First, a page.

On a humid April evening in 1969, as I led my six-man squad into position for that night’s ambush roughly one kilometer, or “click,” from the Mekong River and another click in a different direction from the big 9th Infantry Division basecamp at Dong Tam, a treelike we were passing erupted with the roar of AK-47 rifles, clattering away not fifty feet from us, piercing the darkness around and between us with eerie greenish tracer rounds.
But just before the firing began, one of the four or so Vietcong soldiers hiding in the underbrush had thrown a grenade — or possibly I tripped a booby trap — in either case sending a piece of shrapnel the size and heft of a buffalo head nickel to lodge in my right leg, splitting into the fibula bone like an axe chopping into a hardwood stick and knocking me to the ground, suddenly safe behind a two-foot-high rice paddy dike as the first enemy bullets flew.
Already Good Fortune was smiling on me.
Because the shrapnel cut a nerve in my leg — or possibly because I was so amped up on adrenaline — I felt little pain and so was able to bandage my wound and begin returning fire. Thirty feet further from the treelike, my five squadmates had gotten down safely behind another paddy dike and were firing over my head into the Vietcong positions. After I had gathered my wits and made sure I still had all my body parts, I also began firing my M-16 — until it jammed — and then my 45 automatic at the AK muzzle flashes, hoping to prevent any particularly adventuresome Vietcong from crawling out and finishing the job with me. More good fortune.
Several hours later, when a second medivac helicopter had swooped in out of the dark sky, scooped me up, and deposited me at the hospital in Dong Tam, I hopped inside on my good leg, waving the 45 overhead for balance as even more good fortune came my way. (The first chopper flew off without me after receiving fire from another group of Vietcong some distance from us.)
Before tugging the shrapnel from my fibula, the good doctor explained that my wound was bad enough to get me out of combat for the foreseeable future and likely out of Vietnam altogether, without causing permanent crippling damage, which turned out, these forty-five years later, to be precisely correct.
Like Father, Like Son
In World War II, leading his company of combat engineers across a river into Aachen, Germany, my Dad had been wounded in almost exactly the same spot on his right leg, 24 years earlier. As we compared scars at Fitzsimmons Army Hospital outside Denver, where I was to spend several months recuperating, my Dad and I were drawn closer together by our matching scars. — more blessings.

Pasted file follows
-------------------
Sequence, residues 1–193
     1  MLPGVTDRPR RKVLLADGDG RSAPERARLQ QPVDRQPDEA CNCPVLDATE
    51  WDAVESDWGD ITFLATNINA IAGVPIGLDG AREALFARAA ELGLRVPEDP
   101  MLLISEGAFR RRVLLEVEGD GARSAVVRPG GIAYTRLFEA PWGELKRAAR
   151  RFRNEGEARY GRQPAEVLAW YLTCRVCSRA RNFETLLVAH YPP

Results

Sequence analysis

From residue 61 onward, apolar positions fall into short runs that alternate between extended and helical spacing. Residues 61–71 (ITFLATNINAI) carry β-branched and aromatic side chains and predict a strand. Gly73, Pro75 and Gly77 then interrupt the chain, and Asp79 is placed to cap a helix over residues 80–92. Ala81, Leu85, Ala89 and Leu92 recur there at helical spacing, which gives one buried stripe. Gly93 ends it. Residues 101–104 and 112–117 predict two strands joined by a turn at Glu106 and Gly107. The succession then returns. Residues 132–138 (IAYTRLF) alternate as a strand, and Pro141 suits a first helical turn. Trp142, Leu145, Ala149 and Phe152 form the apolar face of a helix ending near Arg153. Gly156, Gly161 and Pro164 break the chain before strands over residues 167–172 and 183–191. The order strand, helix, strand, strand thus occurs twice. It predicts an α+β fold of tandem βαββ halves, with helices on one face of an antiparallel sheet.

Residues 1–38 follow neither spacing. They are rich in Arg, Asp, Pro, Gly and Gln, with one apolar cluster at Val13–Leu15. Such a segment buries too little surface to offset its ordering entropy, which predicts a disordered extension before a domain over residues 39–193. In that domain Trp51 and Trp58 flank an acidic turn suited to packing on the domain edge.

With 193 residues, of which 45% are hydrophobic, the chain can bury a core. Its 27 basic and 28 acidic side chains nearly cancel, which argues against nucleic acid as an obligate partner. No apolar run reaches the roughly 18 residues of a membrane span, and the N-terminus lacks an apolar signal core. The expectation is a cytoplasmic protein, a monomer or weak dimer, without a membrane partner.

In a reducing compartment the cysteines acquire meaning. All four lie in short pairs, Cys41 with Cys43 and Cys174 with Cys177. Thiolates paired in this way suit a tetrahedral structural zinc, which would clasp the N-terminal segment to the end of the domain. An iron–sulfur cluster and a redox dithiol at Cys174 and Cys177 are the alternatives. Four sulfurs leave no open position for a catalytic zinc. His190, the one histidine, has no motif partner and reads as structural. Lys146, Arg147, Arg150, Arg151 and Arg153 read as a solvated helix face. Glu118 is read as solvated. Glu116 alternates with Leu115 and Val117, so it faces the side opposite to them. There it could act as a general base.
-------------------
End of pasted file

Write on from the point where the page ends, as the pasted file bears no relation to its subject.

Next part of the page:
Then once I mustered out and had my leg examined at the VA hospital in Minneapolis, the monthly disability checks started arriving, at first maybe just $20 or $40 a month — I forget exactly how much — but now up to $251, for my 20% disability, calculated half for the healthy scar and half because I can’t feel parts of my leg and foot.
Decades ago, in the years just after Vietnam, I thought of the checks as my badly needed beer money, but now as Sharon and I try to cobble together a business around LA Progressive, the money comes in handy indeed, good fortune deposited directly into my checking account the first of every month.
Sometimes, not often, I have second thoughts about taking the money, especially when I remember all the amputees — many of them double and triple amputees — on the orthopaedic ward where I stayed those months in Denver. I remember especially Cruz Mejia, who had lost one leg below the knee and was so anxious to get home to his wife and kids somewhere out here in California that they practically had to tie him down in the bed next to mine.
Eventually, after some years of fits and starts at Columbia and the University of Minnesota, I graduated from college on the GI bill and later bought a condo with my ex-wife using a VA Loan, though neither of those were directly tied to the humid night within hailing distance of the mighty Mekong.
Now, though, my daughter attends college tuition-free at the University of California, Riverside, thanks to my disability rating, Purple Heart, and honorable discharge, a benefit I discovered completely by luck.